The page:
Mike Pence

Photo courtesy of Indiana Public Media

Trump to Name Pence for VP Slot;
Decision Official Friday

| published July 14, 2016 |

By R. Alan Clanton, Thursday Review editor

In typical Donald Trump style, tension and drama have been at the core of his decision-making scheme to choose a running mate ahead of the Republican convention, which convenes next week in Cleveland, Ohio. Trump has said he plans to make a major announcement on Friday from his offices in Manhattan, at which time—observers believe—the presumptive GOP nominee will end the suspense.

According to several media sources, Trump may be leaning closely toward Indiana Governor Mike Pence as his running mate, a decision crafted in part to bring conservatives more comfortably into Trump movement. At midafternoon on Thursday the Indianapolis Star reported that Pence insiders were telling reporters that Pence had already officially declared that he did not intend to seek re-election in Indiana, another possible sign that Pence has become Trump’s pick.

Over the last four to five days, the businessman has described his short list as containing, variously, four, five, six, or ten names. On Thursday, his team sent word out that the list has been pruned to only two or three possibilities, and, depending on the last minute vetting and discussions, a decision will come no later than Friday.

Most analysts believe that the short list includes, among others, Mike Pence, former House Speaker Newt Gingrich, New Jersey Governor Chris Christie, Tennessee Senator Bob Corker, former Alaska Governor Sarah Palin, and Alabama Senator Jeff Sessions. All six have been supportive of Trump’s campaign despite a storm of resistance by many of their fellow Republicans, and Trump has spoken kindly about all on this narrowed list. All have had multiple meetings with Trump, and all have confirmed that discussions have been under way. Between campaign stops, Trump met with both Pence and Gingrich for hour-long private conversations in Indianapolis this week. Earlier in the week, Trump also met with Sessions.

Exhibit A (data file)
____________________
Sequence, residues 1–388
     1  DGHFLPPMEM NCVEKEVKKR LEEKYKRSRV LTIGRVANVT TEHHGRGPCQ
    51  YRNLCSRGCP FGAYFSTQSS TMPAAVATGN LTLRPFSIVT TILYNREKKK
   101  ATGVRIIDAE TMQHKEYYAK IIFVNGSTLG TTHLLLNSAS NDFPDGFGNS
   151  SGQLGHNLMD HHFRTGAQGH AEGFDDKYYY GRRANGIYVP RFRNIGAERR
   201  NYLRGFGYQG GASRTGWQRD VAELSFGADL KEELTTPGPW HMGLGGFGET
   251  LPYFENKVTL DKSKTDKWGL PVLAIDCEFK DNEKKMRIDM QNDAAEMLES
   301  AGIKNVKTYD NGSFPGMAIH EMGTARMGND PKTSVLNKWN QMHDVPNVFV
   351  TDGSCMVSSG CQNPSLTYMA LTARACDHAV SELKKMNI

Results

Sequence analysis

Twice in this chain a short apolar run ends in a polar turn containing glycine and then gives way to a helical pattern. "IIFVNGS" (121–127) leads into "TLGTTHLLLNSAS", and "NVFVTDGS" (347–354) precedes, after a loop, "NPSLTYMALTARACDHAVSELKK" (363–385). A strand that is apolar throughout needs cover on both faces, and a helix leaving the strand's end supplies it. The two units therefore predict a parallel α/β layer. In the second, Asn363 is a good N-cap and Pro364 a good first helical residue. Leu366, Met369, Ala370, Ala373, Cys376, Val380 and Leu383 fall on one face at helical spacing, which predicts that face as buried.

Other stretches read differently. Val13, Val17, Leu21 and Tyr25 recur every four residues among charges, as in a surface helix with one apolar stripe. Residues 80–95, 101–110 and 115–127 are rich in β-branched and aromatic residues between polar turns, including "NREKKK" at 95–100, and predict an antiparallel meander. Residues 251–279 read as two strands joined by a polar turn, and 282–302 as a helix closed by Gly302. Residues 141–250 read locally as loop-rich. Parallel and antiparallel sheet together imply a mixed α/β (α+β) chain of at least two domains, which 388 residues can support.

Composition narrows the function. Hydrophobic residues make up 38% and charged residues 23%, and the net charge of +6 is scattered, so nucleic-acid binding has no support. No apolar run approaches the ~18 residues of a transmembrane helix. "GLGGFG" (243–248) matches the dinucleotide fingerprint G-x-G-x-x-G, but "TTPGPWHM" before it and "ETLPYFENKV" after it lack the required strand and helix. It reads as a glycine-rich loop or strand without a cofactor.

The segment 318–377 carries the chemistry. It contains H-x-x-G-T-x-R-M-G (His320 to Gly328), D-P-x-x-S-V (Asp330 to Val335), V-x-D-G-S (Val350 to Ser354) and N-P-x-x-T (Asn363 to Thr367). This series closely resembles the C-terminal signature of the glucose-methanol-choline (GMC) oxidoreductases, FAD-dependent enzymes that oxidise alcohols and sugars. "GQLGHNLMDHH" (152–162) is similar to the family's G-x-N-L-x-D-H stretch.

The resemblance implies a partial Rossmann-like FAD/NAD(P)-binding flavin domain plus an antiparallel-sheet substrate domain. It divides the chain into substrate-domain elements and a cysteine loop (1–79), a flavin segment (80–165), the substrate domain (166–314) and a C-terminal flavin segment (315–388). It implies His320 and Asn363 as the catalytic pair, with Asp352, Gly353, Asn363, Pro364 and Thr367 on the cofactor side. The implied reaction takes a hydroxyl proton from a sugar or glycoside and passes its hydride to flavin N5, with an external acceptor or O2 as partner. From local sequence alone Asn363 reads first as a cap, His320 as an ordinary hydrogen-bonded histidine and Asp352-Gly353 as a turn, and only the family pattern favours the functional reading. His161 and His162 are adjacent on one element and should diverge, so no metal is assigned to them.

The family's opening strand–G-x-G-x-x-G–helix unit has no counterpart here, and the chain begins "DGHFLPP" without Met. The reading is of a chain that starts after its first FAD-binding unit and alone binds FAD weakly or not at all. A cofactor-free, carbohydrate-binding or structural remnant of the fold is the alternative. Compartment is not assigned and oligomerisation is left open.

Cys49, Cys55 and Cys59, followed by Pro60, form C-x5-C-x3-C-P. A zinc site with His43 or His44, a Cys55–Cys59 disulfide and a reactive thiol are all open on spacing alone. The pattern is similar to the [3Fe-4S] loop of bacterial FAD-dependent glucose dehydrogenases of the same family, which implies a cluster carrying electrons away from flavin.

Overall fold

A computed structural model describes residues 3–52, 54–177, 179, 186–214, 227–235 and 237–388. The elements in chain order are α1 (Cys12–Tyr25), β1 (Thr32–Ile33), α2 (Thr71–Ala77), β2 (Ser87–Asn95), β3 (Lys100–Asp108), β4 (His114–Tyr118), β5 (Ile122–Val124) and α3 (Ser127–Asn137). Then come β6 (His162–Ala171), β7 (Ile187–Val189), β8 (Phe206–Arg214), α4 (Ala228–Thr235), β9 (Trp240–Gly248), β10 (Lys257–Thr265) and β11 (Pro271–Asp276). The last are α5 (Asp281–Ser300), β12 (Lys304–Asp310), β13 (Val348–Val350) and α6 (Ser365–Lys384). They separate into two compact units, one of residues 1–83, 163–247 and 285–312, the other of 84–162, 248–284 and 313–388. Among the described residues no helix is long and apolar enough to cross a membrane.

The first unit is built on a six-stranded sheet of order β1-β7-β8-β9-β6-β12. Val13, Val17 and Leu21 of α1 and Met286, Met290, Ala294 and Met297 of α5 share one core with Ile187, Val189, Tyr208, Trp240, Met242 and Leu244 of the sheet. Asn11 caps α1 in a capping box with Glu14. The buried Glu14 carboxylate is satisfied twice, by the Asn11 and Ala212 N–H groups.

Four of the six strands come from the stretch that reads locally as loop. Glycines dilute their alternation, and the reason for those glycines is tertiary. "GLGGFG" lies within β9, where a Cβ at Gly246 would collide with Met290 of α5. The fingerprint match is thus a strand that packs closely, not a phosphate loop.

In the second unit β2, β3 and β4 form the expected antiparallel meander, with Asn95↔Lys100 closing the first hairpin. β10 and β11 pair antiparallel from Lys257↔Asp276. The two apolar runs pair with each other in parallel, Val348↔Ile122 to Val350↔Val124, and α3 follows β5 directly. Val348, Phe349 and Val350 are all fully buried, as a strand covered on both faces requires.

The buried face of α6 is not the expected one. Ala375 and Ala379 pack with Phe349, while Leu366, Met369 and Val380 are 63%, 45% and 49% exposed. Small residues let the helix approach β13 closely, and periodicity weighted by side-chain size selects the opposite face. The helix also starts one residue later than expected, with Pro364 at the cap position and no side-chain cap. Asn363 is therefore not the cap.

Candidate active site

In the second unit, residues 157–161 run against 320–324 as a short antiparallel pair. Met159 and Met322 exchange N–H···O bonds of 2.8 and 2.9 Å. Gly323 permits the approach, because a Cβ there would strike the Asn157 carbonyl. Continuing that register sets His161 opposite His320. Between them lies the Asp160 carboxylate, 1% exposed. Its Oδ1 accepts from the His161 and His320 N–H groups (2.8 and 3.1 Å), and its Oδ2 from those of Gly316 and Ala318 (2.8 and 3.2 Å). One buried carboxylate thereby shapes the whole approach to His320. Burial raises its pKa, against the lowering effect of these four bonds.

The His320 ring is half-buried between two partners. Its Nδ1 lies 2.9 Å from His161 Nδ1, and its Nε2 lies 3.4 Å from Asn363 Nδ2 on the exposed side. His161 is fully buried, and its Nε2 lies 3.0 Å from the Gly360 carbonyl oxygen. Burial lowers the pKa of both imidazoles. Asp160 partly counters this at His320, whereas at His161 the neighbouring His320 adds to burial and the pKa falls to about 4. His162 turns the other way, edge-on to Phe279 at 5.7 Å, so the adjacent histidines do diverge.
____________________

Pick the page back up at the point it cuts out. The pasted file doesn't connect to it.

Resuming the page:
Christie, who endorsed Trump early in the primary and caucus season, has seen his stock rise steadily as a fixture on the campaign trail and at Trump events. Pence, Gingrich and Corker are also regarded as finalists, though none have offered any clues as to whether they regard themselves as front runners for the job.

Pence is widely considered by most political analysts to be near—if not at—the very top of the list; his reliable conservative credentials mean that Trump will have an easier time getting traditional conservatives and movement conservatives—largely wary of Trump’s often shifting positions on critical issues—on board. Pence is also a more subdued and cautious figure—a counter-balance, many have argued, to Trump’s more flashy, often mercurial style.

Sessions, who became a Trump supporter very early in the primary and caucus season, is popular in his home state of Alabama and is seen also as a reliable, consistent conservative with wide appeal to GOP regulars who will want balance on the ticket. Sessions have acknowledged to reporters that he remains on Trump’s short list, but some observers suggest that Trump may tap Session’s legislative skills and deep political experience for another role in a Trump administration.

Trump sent out word via social media that he will make an official announcement about his decision on Friday 11 a.m.

Meanwhile, media talk of Pence has reached a fever pitch, with several newspapers and news sources reporting details of the Trump-Pence partnership. Trump campaign spokespersons are stressing that nothing is official until Friday, but sources close to Pence—as well as some insiders within the Republican National Committee—are confirming that Pence will b Trump’s choice.

Related Thursday Review articles:

The GOP Challenge: Find the White Knight; R. Alan Clanton; Thursday Review; April 19, 2014.

Media Reports: Elizabeth Warren Out as Clinton VP; Thursday Review staff writers; Thursday Review; July 13, 2016.